Living High in ’27

It’s 1927 and the New Yorker is almost two years old. After a shaky start the magazine found its voice (and a lot of advertising revenue) and moved forward with a solid stable of contributors that would give the magazine a style that persists to this day.

3d2b321563197a6b5234717d2c47259b
Jan. 1, 1927 cover by Rea Irvin.

Before I dive in, let’s get a snapshot of the country in 1927, courtesy of Bill Bryson’s excellent book, One Summer: America, 1927.

Bryson describes America as “staggeringly well-off in 1927,” with homes (especially in urban areas) shining with sleek appliances—refrigerators, radios, telephones, electric fans and razors—“that would not become standard in other countries for a generation or more.”

He writes that “of the nation’s 26.8 million households, 11 million had a phonograph, 10 million had a car, 17.5 million had a phone…42 percent of all that was produced in the world was produced in the United States.” Bryson also notes that in 1927 the U.S. made 80 percent of the world’s movies and 85 percent of the world’s cars, and that the state of Kansas alone had more cars than France.

It was also the year Babe Ruth would hit a record 60 home runs, and Charles Lindbergh would fly the Spirit of St. Louis across the Atlantic.

* * *

The Jan. 1 issue featured a profile of world-famous dancer Isadora Duncan, who was living in sad decline in Paris. Particularly acclaimed in Europe for her free dance style, the California-born Duncan also gained notoriety (mostly in puritanical America) for her flouting of traditional mores and morality. Today, she is mostly known for the freak accident that killed her. More on that below.

Screen Shot 2016-06-02 at 3.01.43 PM
“Profiles” illustration of Isadora Duncan by Hugo Gellert.

The profile, written by Paris correspondent Janet “Gênet” Flanner under the pen name “Hippolyta,” noted that Duncan was “the last of the trilogy of great female personalities our century produced. Two of them, Duse and Bernhardt, have gone to their elaborate national tombs. Only Isadora Duncan, the youngest, the American, remains wandering the European earth.”

isadora-duncan
FLOAT LIKE A BUTTERFLY…Isadora Duncan dancing with scarf, 1918. (Heritage Images / Hulton Archive / Getty Images)

Little did Flanner know that Duncan would also be dead before the year was over. Here is how the Wikipedia entry on Duncan describes her death:

On the night of September 14, 1927 in Nice, France, Duncan was a passenger in an Amilcar automobile owned by Benoît Falchetto, a French-Italian mechanic. She wore a long, flowing, hand-painted silk scarf, a gift from her friend Mary Desti, the mother of American film director Preston Sturges. Desti, who saw Duncan off, had asked Duncan to wear a cape in the open-air vehicle because of the cold weather, but Duncan would only agree to wear the scarf.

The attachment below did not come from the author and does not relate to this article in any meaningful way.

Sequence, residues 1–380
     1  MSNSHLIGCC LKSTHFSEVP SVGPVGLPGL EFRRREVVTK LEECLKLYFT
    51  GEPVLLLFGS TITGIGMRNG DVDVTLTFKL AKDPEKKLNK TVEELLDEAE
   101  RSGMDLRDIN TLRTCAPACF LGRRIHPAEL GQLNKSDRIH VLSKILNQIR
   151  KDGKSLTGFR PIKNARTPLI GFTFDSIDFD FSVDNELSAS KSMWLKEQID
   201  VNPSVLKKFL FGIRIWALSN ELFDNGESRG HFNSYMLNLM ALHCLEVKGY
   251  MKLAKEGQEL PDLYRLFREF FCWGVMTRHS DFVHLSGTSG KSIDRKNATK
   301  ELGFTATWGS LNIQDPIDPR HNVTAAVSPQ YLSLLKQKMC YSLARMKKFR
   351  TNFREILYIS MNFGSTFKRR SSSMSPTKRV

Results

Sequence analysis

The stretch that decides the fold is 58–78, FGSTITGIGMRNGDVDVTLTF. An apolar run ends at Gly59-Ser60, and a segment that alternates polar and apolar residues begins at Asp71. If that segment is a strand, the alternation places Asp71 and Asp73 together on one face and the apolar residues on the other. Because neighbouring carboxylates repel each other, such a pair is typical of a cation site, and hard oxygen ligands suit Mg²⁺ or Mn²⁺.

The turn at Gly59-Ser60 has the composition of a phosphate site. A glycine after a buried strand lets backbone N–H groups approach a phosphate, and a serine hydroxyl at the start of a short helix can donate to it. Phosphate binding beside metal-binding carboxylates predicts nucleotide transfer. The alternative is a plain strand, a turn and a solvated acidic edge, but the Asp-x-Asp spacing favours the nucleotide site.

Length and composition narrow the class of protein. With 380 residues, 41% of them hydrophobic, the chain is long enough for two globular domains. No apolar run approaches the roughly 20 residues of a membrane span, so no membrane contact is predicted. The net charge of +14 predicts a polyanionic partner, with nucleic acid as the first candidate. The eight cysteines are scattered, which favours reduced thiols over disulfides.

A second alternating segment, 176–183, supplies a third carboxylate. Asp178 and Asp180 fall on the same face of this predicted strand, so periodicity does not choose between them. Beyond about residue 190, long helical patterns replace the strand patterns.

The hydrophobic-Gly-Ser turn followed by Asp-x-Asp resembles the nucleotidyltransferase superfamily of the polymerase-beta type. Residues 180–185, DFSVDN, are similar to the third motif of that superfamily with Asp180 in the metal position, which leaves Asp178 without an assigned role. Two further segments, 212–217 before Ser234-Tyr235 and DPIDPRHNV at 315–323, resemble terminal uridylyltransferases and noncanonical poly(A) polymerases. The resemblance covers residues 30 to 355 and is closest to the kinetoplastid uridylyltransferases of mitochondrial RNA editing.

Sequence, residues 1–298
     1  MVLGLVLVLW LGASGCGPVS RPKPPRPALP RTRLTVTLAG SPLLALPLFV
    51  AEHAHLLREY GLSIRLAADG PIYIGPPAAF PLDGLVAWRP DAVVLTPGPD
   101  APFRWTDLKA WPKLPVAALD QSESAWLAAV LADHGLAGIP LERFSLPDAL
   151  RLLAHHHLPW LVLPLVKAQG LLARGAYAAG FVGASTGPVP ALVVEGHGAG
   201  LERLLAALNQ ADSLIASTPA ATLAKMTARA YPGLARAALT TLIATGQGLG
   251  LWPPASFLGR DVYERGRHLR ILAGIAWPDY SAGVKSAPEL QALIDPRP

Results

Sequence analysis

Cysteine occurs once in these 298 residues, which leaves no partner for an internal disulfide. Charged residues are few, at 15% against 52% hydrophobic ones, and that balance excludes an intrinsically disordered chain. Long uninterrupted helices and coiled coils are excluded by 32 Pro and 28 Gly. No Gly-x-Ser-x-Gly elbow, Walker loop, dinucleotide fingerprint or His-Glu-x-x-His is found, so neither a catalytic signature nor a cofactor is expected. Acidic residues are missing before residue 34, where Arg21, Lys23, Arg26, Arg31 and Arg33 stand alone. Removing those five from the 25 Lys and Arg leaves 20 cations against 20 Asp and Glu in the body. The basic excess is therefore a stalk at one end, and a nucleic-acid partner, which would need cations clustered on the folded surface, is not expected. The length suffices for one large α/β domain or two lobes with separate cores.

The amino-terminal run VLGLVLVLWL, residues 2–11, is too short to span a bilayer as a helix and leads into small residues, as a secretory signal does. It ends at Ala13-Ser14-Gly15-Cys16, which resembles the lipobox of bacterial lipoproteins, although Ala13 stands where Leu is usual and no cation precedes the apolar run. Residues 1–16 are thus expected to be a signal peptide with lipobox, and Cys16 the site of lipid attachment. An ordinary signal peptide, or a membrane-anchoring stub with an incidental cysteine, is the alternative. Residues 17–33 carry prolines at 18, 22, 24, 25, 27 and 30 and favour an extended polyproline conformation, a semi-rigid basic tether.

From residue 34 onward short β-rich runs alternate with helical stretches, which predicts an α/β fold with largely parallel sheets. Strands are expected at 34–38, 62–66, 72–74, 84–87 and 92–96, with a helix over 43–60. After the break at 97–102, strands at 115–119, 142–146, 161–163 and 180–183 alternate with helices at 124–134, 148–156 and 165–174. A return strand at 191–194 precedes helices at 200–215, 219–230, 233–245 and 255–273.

As they departed, Duncan reportedly said to Desti and some companions, “Adieu, mes amis. Je vais à la gloire!” (“Farewell, my friends. I go to glory!”); but according to American novelist Glenway Wescott, Desti later told him that Duncan’s actual last words were, “Je vais à l’amour” (“I am off to love”). Desti considered this embarrassing, as it suggested that she and Falchetto were going to her hotel for a tryst.

Her silk scarf, draped around her neck, became entangled around the open-spoked wheels and rear axle, hurling her from the open car and breaking her neck. Desti said she called out to warn Duncan about the shawl almost immediately after the car left.

1927-amilcar
NO SEAT BELTS, EITHER…A 1927 Italian Amilcar, similar to the one in which Duncan met her end. (irrational geographic)

Referring to Duncan’s demise, the writer Gertrude Stein remarked: “Affectations can be dangerous.”

Next Time: Those Jaunty Jalopies…

02a20a11df95c233092dc64bfc8f2b3c

 

Published by

David O

I read and write about history from the perspective that history is not some artifact from the past but a living, breathing condition we inhabit every moment of our lives, or as William Faulkner once observed, "The past is never dead. It's not even past." I read original source materials, such as every issue of The New Yorker, not only as a way to understand a time from a particular perspective, but to also use the source as an aggregator of various historic events. I welcome comments, criticisms, corrections and insights as I stumble along through the century.

One thought on “Living High in ’27”

Leave a Reply

Fill in your details below or click an icon to log in:

WordPress.com Logo

You are commenting using your WordPress.com account. Log Out / Change )

Twitter picture

You are commenting using your Twitter account. Log Out / Change )

Facebook photo

You are commenting using your Facebook account. Log Out / Change )

Google+ photo

You are commenting using your Google+ account. Log Out / Change )

Connecting to %s